Findings presented at the American Society for Microbiology's ASM Microbe conference show that the ultra-sensitive Clostridium difficile toxin A/B assay in development for use on the Sgx Clarity™ system offers excellent sensitivity and may be a critical tool for improving the diagnosis of this life-threatening infection. The Sgx Clarity system is a fully-automated, in vitro diagnostics platform powered by Single Molecule Counting technology.
The Sgx Clarity system is CE marked and currently available in the European market.
In initial pilot studies, the Sgx Clarity C. difficile assay demonstrated the ability to detect the disease-causing toxins at concentrations up to 100 times lower than commercially available immunoassay methods. The turnaround time for the Sgx Clarity C. difficile toxin A/B assay was shown to be less than one hour, allowing for rapid detection and rule-out of suspected C. difficile infections (CDI).
"Having an ultra-sensitive C difficile toxin immunoassay would be a game changer," said Christopher Polage, Associate Professor of Pathology and Infectious Diseases, University of California, Davis School of Medicine. "Our experience shows the importance of toxin testing to identify patients with C difficile infection and minimize over-diagnosis but there's still a lot of anxiety in the field. Labs worry about missing individual CDI cases but hospitals are facing huge financial pressures to reduce CDI and blaming labs for using tests that don't distinguish between infected and colonized patients. Having an ultra-sensitive toxin test would allow labs to give physicians a toxin result to help maximize the accuracy of CDI diagnosis without the worry of missing cases. This would improve patient care and allow hospitals to reduce CDI rates and avoid financial penalties, representing a 'win-win' for everyone."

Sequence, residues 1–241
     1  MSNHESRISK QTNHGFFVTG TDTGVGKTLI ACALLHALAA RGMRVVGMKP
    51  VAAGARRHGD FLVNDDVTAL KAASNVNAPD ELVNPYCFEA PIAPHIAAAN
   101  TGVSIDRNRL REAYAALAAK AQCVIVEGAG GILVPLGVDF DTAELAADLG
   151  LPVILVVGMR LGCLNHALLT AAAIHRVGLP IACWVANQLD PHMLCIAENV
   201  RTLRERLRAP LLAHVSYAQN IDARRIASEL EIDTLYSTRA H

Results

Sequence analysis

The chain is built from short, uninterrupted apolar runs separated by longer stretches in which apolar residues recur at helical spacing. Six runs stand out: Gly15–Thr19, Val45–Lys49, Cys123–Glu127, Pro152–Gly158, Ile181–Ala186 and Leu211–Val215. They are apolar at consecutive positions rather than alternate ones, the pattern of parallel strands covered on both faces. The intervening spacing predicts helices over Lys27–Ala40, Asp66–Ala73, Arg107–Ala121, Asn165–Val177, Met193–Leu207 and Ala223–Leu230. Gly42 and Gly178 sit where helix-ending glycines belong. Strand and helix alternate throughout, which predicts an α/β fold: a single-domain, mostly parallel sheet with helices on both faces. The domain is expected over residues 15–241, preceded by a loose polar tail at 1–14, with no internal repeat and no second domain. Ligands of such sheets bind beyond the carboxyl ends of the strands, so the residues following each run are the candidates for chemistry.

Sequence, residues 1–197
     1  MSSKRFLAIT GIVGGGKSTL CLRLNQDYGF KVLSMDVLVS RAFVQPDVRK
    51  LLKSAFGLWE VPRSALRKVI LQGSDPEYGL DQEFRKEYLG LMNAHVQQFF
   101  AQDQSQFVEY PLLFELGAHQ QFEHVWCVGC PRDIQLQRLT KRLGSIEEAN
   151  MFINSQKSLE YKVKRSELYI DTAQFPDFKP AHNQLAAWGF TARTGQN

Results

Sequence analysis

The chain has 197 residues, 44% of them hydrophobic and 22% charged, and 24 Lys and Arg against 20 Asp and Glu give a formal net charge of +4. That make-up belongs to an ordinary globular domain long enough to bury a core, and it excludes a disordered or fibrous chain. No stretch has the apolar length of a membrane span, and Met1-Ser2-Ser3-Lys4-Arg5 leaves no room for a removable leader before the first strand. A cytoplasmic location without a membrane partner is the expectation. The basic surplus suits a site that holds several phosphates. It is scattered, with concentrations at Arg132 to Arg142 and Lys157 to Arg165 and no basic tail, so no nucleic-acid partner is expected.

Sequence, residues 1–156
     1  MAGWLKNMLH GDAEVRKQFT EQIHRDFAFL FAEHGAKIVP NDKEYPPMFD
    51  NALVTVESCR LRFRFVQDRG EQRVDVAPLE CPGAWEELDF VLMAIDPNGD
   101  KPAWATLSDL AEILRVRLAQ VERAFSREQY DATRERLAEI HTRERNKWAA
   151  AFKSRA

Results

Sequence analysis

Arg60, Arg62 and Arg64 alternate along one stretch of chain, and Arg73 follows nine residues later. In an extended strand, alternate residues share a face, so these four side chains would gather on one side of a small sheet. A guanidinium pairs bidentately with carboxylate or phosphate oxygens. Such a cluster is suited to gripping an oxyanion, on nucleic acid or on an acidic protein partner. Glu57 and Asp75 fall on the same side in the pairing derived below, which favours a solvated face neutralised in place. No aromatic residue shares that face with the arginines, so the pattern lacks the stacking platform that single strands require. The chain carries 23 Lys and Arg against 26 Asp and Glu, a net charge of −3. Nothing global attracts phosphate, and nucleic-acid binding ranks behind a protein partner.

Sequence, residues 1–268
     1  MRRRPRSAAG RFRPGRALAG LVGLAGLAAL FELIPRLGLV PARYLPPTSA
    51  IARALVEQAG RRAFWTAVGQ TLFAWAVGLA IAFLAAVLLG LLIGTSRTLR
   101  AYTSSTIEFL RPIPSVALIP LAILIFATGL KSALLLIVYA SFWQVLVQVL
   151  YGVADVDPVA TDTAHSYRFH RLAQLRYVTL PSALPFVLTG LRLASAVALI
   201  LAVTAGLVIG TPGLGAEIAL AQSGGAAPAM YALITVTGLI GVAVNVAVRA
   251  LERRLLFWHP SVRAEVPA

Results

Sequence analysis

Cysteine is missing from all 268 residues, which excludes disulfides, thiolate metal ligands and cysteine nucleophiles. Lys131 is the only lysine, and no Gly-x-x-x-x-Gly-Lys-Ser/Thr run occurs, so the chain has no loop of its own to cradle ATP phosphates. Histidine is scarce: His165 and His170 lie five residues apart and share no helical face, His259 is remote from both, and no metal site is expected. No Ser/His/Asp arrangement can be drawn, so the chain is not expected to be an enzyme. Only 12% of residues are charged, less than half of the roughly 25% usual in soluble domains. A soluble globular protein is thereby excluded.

The Single Molecule Counting-based C. difficile toxin A and B assay aims to be the first ultra-sensitive test to offer physicians and laboratorians the specificity intrinsic to toxin tests but at a sensitivity level that rivals molecular methods. The clinical goal is to help clinicians safely to rule out C. difficile infection with greater confidence and provide clinically actionable toxin detection in under an hour.
"What makes our assays so promising is the degree of sensitivity and high precision we are able to offer with our Single Molecule Counting technology," said Dr. Jeff Bishop, Sr. Vice President of Research and Development, who is leading C. difficile assay development at Singulex. "We continue to gain important insights into its use in infectious disease through our work with key opinion leaders in the US and in Europe and are looking forward to the next stage of development."
The Singulex proprietary Single Molecule Counting technology has been validated in clinical studies involving more than 130,000 subjects, resulting in over 130 peer-reviewed publications. The company will submit data this year for regulatory clearance of the Sgx Clarity system in the United States, anticipating U.S. Food and Drug Administration clearance in 2018.